Montgomery, G. J., McKeown, P., McGown, A. T. and Robins, D. J., Synthesis and antiproliferative activity of unsaturated quinoline derivatives, Anti-Cancer Drug Design, 15 (2000) 171–181.Google Scholar
  31. 31.
    Dupont, J., Monteiro, A. L., Pozebon, D. and Gruber, S. A., On the use of phosphine-free PdCl 2 (SEt2)2 complex as catalyst precursor for the Heck reaction, Tetrahedron Lett., 42 (2001) 7345–7348.Google Scholar
  32. 32.
    Beller, M., Hartmut, F., Klaus, K., Reisinger, C. P. and Herrmann, W. A., First palladium-catalyzed Heck reactions with efficient colloidal catalyst systems, J. Organomet. Chem., 520 (1996) 257–259.Google Scholar
  33. 33.
    Gooben, L. J. and Paetzold, J., Pd-catalyzed decarbonylative olefination of aryl esters: Towards a waste-free Heck reaction, Angew. Chem. Int. Ed., 41 (2002) 1237–1241.Google Scholar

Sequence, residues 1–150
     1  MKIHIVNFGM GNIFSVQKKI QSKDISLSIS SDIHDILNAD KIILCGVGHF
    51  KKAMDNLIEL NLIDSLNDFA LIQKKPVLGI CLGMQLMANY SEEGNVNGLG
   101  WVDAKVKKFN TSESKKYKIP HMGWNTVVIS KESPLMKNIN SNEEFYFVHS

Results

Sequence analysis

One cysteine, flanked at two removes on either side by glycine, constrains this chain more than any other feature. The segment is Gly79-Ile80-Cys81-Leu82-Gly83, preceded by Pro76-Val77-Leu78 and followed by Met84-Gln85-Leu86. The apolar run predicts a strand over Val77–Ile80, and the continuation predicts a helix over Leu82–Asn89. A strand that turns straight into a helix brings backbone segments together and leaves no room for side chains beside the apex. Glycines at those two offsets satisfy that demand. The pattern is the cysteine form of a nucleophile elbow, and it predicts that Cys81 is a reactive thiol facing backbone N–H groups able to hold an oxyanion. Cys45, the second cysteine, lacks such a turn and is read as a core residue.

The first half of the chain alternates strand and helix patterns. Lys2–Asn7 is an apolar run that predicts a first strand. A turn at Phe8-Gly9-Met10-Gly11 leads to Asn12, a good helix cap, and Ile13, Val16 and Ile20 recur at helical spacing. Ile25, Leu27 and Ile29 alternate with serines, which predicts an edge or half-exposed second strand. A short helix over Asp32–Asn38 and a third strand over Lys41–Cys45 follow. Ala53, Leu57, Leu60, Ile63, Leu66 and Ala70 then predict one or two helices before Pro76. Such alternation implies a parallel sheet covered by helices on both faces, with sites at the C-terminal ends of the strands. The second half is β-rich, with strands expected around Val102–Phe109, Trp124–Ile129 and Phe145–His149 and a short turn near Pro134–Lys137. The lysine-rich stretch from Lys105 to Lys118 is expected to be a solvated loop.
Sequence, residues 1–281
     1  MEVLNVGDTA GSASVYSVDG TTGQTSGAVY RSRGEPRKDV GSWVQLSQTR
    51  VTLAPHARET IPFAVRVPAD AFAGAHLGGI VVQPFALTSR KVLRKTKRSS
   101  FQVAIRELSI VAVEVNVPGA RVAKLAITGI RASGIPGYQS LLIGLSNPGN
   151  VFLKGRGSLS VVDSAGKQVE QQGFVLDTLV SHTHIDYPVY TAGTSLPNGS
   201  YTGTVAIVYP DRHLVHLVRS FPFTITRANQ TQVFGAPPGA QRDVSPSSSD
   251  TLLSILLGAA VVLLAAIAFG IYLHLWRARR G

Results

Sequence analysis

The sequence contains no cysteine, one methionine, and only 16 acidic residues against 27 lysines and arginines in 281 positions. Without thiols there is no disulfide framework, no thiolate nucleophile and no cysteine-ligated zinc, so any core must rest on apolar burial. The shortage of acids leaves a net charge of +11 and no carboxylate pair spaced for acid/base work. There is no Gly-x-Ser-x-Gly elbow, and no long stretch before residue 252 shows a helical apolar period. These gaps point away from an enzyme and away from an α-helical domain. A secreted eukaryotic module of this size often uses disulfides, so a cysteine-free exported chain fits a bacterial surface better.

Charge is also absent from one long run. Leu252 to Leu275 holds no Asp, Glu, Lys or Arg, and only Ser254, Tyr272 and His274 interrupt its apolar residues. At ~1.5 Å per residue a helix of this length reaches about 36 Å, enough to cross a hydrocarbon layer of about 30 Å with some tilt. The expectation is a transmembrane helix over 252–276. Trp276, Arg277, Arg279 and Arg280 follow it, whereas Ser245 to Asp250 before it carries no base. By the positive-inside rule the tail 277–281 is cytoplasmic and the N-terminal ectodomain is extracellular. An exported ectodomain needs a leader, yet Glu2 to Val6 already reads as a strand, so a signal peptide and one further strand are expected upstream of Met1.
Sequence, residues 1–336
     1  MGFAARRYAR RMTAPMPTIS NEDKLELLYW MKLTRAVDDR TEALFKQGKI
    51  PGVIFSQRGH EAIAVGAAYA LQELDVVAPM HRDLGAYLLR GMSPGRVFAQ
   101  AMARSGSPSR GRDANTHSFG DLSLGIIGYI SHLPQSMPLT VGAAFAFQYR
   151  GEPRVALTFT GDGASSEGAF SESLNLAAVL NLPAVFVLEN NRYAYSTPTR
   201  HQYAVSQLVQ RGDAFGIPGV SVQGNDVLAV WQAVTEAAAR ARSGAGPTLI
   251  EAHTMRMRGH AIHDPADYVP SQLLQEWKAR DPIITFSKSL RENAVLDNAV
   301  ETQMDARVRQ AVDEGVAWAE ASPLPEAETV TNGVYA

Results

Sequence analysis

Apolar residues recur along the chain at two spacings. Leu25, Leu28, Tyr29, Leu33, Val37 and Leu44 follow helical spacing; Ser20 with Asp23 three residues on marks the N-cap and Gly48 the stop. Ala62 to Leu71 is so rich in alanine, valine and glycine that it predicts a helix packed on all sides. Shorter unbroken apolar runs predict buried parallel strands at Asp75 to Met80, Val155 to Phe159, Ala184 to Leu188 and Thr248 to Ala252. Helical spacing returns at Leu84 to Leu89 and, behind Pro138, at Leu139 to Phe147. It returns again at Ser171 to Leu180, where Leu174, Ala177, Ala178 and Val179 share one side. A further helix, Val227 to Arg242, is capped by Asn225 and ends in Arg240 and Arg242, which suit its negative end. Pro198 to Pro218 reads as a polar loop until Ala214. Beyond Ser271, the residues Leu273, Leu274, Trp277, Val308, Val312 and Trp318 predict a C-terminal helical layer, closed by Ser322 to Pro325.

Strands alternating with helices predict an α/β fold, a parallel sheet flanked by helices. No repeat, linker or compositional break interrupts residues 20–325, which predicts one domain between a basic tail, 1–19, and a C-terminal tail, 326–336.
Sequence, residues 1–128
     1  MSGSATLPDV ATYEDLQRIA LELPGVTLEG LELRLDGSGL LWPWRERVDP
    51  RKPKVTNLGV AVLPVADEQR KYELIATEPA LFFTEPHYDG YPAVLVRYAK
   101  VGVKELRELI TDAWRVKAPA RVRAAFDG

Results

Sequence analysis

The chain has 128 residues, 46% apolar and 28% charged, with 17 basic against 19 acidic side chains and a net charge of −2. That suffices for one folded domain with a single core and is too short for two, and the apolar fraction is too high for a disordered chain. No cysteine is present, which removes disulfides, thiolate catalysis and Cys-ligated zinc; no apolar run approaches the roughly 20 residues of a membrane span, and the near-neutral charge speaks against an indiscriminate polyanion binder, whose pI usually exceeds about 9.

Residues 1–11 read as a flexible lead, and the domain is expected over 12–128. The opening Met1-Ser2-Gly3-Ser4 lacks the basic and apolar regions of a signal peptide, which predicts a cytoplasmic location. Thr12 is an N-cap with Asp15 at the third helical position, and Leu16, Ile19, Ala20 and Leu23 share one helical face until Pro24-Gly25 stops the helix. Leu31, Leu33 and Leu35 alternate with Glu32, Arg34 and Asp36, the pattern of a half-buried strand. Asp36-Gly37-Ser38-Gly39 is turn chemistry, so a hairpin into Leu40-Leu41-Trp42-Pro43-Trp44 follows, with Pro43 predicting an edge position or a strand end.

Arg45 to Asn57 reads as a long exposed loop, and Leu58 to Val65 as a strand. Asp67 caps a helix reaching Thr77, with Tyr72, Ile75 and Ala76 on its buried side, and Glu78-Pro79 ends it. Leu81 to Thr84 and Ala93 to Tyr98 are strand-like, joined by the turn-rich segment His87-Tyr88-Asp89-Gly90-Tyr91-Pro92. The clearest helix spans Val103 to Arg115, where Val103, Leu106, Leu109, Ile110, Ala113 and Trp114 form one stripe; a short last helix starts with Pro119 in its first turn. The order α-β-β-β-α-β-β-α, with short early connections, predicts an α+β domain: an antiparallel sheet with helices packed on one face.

34. 34.
    Huddleston, J. G., Willauer, H. D., Swatloski, R. P., Visser, A. E. and Rogers, R. D., Room temperature ionic liquids as novel media for ‘clean’ liquid-liquid extraction, Chem. Commun., (1998) 1765–1766.Google Scholar
  35. 35.
    Lucas, P., El Mehdi, N., Ho, H. A., Belanger, D. and Breau, L., Expedient synthesis of symmetric aryl ketones and of ambient-temperature molten salts of imidazole, Synthesis, 9 (2000) 1253–1258.Google Scholar

Copyright information

© Kluwer Academic Publishers 2003

Authors and Affiliations

  • Gopal K. Datta
    • 1
  • Karl S. A. Vallin
    • 1
  • Mats Larhed
    • 1
  1. 1.Department of Organic Pharmaceutical Chemistry, Biomedical CentreUppsala UniversityUppsalaSweden

Personalised recommendations